Call in and let us explain the proposition to
Your money back if you are not pleased.
with a 1 lb.
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MANHATTAN SHIRTS
DENT'S GLOVES
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Copyright,
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you.
ty
KNOX HATS
The IDAHO DEPARTMENT STORE
The Great Lace Sale, Monday and Tuesday, September 28th and 29th, 1 908
Cwln Jails Clines
Published every Thursday In the Gaut
Holohan Building, Main Street
WILBUR S. HILL
Editor and Publisher
INDEPENDENT REPUBLICAN
Entered as second class matter May
8 , 1905, at the postoffice at Twin Falls,
Idaho, under the act of Congress of
March 3. 1879.
Subscription Kates.
One year, in advance..
Six months.
$ 2.00
1.00
TEL. 89
The subscription books of the TIMES
are open to the inspection of adver
tisers.
DEMAND THIS LABEL
Bn AH of Your Printed Matter. It rep
resents Good Workmanship, Good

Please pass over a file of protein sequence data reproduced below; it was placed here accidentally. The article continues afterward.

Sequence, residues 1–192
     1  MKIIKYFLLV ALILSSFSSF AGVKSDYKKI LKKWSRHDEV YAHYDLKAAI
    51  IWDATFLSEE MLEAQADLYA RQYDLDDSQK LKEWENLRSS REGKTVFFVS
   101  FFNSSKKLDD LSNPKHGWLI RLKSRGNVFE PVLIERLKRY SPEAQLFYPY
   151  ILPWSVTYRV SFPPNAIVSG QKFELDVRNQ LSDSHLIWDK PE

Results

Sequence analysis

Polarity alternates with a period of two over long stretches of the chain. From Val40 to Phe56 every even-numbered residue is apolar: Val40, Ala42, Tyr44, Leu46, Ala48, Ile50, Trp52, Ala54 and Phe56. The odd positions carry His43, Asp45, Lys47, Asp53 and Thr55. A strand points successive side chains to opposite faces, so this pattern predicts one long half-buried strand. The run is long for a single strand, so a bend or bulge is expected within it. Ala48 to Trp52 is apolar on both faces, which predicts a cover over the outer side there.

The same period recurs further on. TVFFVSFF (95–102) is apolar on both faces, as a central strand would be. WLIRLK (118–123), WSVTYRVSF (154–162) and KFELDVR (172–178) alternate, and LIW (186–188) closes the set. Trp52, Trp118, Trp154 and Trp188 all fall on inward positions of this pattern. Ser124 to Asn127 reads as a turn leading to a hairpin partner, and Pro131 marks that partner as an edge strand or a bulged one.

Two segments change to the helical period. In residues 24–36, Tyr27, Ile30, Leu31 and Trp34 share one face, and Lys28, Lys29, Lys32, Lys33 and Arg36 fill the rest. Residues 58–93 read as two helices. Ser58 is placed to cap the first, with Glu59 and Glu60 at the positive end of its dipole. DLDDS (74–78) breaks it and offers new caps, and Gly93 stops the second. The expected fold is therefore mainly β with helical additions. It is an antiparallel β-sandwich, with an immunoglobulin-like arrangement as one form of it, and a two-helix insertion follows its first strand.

Wages, and Good Conditions.
From the looks of the opposition to
Speaker Cannon he is nearly a spiked
At any rate he is of too small
gun.
calibre to be in the national house.
AYith the primary election in force
the county convention might as well
be a Sunday school convention for all
the fun the politicians can get out
of it.
The regular howl from the Boise
Statesman about the poor state ticket
might deceive those unacquainted with
the sheet's past record in politics.
But the aforesaid paper made the
same howl against Governor Gooding
after his nomination and just as
quickly turned around and com
menced singing his praises.
Some of the finest exhibits of fruit
ever seen on the tract are being dis
played in the windows of the various